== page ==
I had read William Diehl’s novel long before the movie was even made.  My impression of the film is that it is well cast.  Early on in the story, Aaron is apprehended following the grisly murder of Chicago’s Archbishop.  His clothes are covered in the priest’s blood and he’s captured on the news trying to outrun the police.  This looks like an open and shut case, which is why hot shot attorney Martin Vail (Richard Gere) wants to take on defending Aaron, pro bono. 

Simply the name of Gere’s role, Martin Vail, could not be more appropriate.  He thrives on vanity and pride, ensuring that when he gives an interview it is none other than a cover story.  Gere is perfectly handsome and his energy is so right for the part.  He wears his suits with natural and self-assured swagger.  When Martin attends a benefit dinner in the first few minutes of the picture, everyone in the room knows who he is, whether they only at least admire the guy, or downright despise the ego he proudly carries.  Only Martin Vail will insist that young Aaron with a boy scout, puppy dog expression could be innocent.  Everyone else has deemed his client as “The Butcher Boy.”

The accused is a simple kid who was brought in off the streets by the Archbishop.  He’s a nobody.  It’s the victim who is prominent, and one of the first strategies that Vail engages in is putting the deceased Archbishop on trial because it could lend to just what he needs for exoneration – reasonable doubt.  That could mean other prominent figures in the city will get caught in the web. 

Like many mysteries and courtroom dramas before and after Primal Fear, red herrings abound.  The side stories dealing with botched real estate investments within minority neighborhoods feel like they sprung from a completely different cloth, like an episode of L.A. Law.  What keeps them above water though are the performances of the supporting cast with John Mahoney and Stuart Bauer, respectively portraying the state district attorney and a Hispanic well-established mobster that Vail represents.  Somehow, Diehl’s murder trial story circles back to these guys and what the Archbishop had to do with them.

A twisted sex scandal within the church also comes into play.  After all, where there’s murder there is motive.  The math is not that simple though.

To lend a little more conflict to the film is the prosecuting attorney Janet Venable.  She is played by Laura Linney, maybe doing a little over acting, who once had a tryst with Martin.  Honestly, it comes off as an unnecessary subplot, perhaps only there to give quick witted resentful dialogue for Janet to serve at Martin, while Gere puts on the teasing smirk to send back over the net.  The opposing counsel try to psych one another out, but we all know that Martin is the smarter attorney of the two. 

Primal Fear hinges on Edward Norton first and Richard Gere second.  Norton’s performance is written, and thereby performed, to come in under the radar for the first half of the film.  Aaron is a quiet, frightened, uncertain kid from the backwoods of Kentucky.  Gere and the supporting cast populate much of the first half of the movie.  Later, Aaron offers up a surprise delivery that turns the film on its heel, and the story takes on a whole new trajectory.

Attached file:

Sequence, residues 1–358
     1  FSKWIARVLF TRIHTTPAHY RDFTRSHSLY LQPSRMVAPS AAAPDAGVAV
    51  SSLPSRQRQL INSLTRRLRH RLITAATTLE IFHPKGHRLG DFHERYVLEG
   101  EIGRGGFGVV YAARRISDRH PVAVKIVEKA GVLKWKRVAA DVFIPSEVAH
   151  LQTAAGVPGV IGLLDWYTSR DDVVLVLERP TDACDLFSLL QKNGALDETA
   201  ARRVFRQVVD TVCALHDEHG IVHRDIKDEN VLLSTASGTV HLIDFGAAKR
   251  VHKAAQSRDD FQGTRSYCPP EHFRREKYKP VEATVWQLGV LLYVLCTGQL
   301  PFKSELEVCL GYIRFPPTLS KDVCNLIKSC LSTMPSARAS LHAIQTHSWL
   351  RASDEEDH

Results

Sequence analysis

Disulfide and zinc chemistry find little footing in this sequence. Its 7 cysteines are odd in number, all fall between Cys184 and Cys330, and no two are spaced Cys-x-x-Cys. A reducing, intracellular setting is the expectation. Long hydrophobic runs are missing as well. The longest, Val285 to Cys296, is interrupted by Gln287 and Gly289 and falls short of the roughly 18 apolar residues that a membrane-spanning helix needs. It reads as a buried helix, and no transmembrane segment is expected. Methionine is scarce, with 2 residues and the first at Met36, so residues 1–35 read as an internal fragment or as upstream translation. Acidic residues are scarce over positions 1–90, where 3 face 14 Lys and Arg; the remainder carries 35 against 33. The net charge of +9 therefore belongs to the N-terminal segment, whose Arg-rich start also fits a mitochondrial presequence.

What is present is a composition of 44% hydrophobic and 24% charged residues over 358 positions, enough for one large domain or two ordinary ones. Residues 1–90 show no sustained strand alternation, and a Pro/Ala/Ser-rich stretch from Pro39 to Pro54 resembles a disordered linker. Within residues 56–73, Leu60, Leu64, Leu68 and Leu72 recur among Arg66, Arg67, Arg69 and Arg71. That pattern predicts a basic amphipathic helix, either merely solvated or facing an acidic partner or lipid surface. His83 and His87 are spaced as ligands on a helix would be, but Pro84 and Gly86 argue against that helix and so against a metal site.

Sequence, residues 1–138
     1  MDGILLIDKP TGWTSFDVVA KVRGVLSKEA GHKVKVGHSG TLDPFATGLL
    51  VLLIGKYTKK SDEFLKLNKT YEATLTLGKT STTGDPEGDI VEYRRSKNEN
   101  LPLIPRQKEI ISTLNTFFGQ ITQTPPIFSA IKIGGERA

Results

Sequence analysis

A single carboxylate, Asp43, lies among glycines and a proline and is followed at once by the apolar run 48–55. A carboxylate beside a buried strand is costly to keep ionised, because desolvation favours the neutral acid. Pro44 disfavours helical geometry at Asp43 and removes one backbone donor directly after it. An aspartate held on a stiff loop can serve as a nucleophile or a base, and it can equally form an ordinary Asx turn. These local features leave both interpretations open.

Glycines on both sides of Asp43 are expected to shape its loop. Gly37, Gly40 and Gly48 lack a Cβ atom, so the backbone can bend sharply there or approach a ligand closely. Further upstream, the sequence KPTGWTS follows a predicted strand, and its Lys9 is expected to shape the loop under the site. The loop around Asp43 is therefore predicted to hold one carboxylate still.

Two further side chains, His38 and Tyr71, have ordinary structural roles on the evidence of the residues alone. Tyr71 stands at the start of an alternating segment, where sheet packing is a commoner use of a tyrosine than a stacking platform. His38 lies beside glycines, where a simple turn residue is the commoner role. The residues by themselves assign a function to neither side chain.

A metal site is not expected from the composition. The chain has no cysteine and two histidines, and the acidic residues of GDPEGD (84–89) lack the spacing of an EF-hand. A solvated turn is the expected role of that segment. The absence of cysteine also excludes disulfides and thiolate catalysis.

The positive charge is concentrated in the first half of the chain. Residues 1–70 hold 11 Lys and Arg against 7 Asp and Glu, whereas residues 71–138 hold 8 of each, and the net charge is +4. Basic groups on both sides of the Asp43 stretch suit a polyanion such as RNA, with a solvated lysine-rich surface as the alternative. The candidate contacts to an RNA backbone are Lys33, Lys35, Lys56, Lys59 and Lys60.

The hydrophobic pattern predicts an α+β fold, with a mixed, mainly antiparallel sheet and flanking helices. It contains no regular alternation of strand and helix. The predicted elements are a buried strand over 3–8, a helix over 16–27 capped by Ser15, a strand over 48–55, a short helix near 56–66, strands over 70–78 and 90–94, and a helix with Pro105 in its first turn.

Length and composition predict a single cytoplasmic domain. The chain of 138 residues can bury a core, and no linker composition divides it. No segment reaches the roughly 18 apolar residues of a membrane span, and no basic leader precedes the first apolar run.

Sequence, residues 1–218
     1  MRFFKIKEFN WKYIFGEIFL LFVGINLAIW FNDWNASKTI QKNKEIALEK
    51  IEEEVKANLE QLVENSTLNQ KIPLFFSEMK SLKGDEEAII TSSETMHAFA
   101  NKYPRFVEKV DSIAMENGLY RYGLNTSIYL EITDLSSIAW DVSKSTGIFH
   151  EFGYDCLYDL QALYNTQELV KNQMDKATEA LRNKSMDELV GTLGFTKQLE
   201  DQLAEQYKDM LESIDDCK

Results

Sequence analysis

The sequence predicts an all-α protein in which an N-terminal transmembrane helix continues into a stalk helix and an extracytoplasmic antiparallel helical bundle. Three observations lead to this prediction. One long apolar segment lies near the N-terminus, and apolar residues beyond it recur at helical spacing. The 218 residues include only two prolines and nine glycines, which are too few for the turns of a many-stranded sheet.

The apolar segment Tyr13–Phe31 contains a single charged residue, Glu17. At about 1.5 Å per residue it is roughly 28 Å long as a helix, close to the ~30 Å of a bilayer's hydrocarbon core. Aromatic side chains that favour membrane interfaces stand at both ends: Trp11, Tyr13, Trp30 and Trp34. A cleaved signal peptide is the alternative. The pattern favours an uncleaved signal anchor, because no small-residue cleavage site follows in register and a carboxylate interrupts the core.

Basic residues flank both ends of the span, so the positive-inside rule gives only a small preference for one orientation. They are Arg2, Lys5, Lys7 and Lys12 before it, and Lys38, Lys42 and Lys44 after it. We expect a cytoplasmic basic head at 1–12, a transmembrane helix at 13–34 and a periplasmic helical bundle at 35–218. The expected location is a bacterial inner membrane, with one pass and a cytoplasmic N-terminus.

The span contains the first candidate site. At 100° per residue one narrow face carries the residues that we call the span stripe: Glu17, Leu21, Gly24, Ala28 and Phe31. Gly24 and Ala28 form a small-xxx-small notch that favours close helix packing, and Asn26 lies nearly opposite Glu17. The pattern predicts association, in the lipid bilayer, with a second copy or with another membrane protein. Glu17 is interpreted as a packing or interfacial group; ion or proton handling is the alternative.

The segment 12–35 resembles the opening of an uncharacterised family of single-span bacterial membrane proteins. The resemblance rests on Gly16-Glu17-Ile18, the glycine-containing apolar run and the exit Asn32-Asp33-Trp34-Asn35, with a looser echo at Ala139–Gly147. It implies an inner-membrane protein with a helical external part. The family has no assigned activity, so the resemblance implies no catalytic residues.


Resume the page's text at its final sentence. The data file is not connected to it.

Gere is superb with the conceit of the character.  Director Gregory Hoblit places Martin Vail front and center during transition shots where he gives statements to the press while entering the courthouse.  It’s a subtly effective way to uphold how proud and cocky the attorney is.  When the surprise from Norton comes around though, even a hot shot, intuitive lawyer like Martin can’t immediately figure out what to do next.  The surprise works even though it comes out of nowhere.

Primal Fear offers a lot of standard stuff from other typical courtroom thrillers.  Some players are introduced that could lend to why the crime occurred.  Some are there to distract you.  Some are there to circle back around in the third act.  There’s a ping pong volley of objections and witness testimony.  There’s the blood splattered crime scene investigation.  We’ve seen it all before.  Nevertheless, I don’t hold any of that against the film.  I still get a thrill out of standard car chases and shootouts the same way I stay alert through another courtroom mystery.  It’s fast paced and until the puzzle is completely assembled, I’m engaged especially if the cast is working on all cylinders. 

The end leaves you thinking though because just when you believe all the pieces have been put back into place there’s one hanging thread that is left unraveled and you may be asking yourself how that got past me.  That’s when you know you are watching an entertaining movie.  If you have to think about it long after it is over, then the movie got one over on you.  Primal Fear accomplishes that feat.

SIX DEGREES OF SEPARATION

By Marc S. Sanders

John Guare adapted his celebrated Broadway play Six Degrees Of Separation into a screenplay directed by Fred Schepisi.  Having never seen a stage production of the show, I can still see how well it would work in live theater.  It’s a talking piece with colorful dialogue and fast paced monologues revealing the true nature of people whether they are telling the truth, exaggerating, or simply being lied to.  Can a piece of writing succeed at showing the phoniness of people while at the same time displaying the authentic nature of a con man and a liar? 

In a very early career performance, Will Smith plays a young man named Paul.  One night, he stumbles upon the Park Avenue apartment of Ouisa and Flan Kitteridge (Stockard Channing, Donald Sutherland), wealthy art dealers ready to make a multi-million-dollar deal with a South African guest, named Geoffrey (Ian McKellan).  Paul is a handsome black man in a navy blazer and college tie, with a knife wound in his side.  He has just been mugged while on his way to pay the Kitteridges a surprise visit.  They welcome him inside, clean his injury and loan him a freshly clean pink dress shirt from their son’s closet.